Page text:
Having shared a comprehensive overview of financial products available to parents looking to save for their child’s college education Parentology is aware — questions abound. With that in mind, we spoke with Jim DiUlio, the Chair of the College Savings Plans Network. DiUlio unpackaged 529 college savings plans in greater detail; what they are, what to watch out for, and how they’ll benefit your future grad.
What is a 529 college savings plan?
A 529 plan is a college savings plan that allows parents to invest in diversified, low-cost stocks and bonds, and then withdraw the money, tax-free, for their child’s education. A 529 plan differs from an Education Savings Account (ESA) in that they allow for investing more than the $2,000 annual limit, making it a good alternative for those who either don’t qualify for an ESA or want to contribute more than the maximum allowance. “It’s a great investment that lasts a lifetime,” DiUlio says.
Under a 529 plan, funds can be allotted towards undergraduate or graduate studies at an accredited two- or four-year campus in the United States. Because you (the parent) are the account holder, the savings in a 529 technically belong to you.
Which States Offer 529’s?
529 plans are state-specific and differ in features and benefits, but you can contribute to a 529 plan in any state that offers one. In fact, your choice of college is not affected by the state that sponsored your 529 plan. For example, you could live in Vermont, buy a 529 in Kansas and attend a college in California. Make sure to research the features of each before making your decision.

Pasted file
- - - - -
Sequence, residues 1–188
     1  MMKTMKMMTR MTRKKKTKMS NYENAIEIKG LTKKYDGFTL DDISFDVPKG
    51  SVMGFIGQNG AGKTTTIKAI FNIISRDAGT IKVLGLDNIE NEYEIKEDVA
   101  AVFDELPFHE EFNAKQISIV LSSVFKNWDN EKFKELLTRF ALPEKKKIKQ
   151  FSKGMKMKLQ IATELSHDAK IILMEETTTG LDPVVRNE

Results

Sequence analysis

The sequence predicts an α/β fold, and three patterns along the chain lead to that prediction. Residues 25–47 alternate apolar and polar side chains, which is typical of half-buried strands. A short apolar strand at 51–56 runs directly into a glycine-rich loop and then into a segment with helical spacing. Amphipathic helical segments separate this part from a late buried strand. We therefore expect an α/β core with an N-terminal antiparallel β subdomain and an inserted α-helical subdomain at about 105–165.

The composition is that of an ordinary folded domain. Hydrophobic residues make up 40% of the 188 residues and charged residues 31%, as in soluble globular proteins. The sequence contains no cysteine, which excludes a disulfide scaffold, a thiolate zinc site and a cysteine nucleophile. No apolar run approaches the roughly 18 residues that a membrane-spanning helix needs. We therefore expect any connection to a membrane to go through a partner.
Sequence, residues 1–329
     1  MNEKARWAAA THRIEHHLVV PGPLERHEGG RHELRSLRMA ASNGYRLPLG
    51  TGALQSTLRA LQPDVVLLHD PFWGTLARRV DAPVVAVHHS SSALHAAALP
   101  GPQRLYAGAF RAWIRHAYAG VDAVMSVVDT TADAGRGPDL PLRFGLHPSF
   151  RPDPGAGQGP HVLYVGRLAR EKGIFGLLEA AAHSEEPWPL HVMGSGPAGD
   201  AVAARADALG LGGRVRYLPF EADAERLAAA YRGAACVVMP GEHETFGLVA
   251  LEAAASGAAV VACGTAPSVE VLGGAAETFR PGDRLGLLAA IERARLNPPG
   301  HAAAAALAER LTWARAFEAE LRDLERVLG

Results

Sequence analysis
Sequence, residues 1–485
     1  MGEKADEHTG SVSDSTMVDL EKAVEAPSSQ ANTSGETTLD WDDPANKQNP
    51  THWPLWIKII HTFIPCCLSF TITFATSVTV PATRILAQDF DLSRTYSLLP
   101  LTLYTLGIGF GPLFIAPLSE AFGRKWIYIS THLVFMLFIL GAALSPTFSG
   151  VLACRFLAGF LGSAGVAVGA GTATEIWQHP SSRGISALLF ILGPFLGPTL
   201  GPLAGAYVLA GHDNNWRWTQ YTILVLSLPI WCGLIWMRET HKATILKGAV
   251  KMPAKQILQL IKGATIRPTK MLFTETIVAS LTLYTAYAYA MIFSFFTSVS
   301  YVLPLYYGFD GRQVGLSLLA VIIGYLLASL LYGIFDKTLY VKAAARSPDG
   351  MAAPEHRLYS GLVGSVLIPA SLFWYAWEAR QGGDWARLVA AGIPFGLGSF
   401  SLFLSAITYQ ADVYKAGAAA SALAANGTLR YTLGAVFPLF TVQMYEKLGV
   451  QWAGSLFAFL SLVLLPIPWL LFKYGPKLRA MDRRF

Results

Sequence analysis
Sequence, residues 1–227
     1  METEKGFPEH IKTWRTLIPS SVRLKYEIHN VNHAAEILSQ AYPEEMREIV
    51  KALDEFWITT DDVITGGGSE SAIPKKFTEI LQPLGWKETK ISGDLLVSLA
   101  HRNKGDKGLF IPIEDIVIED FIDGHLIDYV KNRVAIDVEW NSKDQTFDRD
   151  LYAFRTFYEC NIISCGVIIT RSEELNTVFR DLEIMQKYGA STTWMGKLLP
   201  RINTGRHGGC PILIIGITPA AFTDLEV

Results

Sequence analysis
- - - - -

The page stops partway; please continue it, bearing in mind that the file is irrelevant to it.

A 529 plan offers tax-free savings growth and withdrawals when those funds are used towards ‘qualified’ education expenses, including tuition, books, computers, room and board. “The accounts themselves are generous, and allow for a range of expenses,” DiUlio says. The beneficiary is allowed tax-free withdrawals of up to $10,000 per year, for qualified tuition expenses at private, public and religious K-12 schools.
Some states offer state income tax deductions to investors, as well as tax credits for contributions to the 529 plan. “All states offer a variety of embellishments, tax deductions or credit,” DiUlio says. “Grandparents or relatives can add to the 529 account and get a tax credit.” Since your contributions are made using after-tax money, it will never be penalized.
You’re in control
As the contributing parent, you’re in the driver’s seat. You control the funds, not the beneficiary, which helps ensure the money is put towards higher education.
Salary isn’t a factor
Unlike a Roth IRA, 529 contributions aren’t limited by your income level. However, there are limits to your yearly contributions; depending on your state, you may have to pay gift taxes on larger annual contributions.
Most plans have minimum initial contribution requirements, but your deposits beyond that are your call. Some people set up automated monthly deposits. “You can get into a 529 for as little as $15 or $20 per month,” DiUlio says. “Using something as simple as a payroll deduction can get you into the habit of budgeting and saving.”
Conversely, you can make lump-sum contributions. “The earlier you start, the better,” DiUlio advises. “Start in small amounts, birthday money, holiday gifts, etc. A 529 is really flexible that way. You can deposit what you want, when you want.”
It’s not even necessary to wait until a child is born to start using a 529 savings plan. You can start a 529 plan, with you as the beneficiary, then add your child as the beneficiary once they’re born.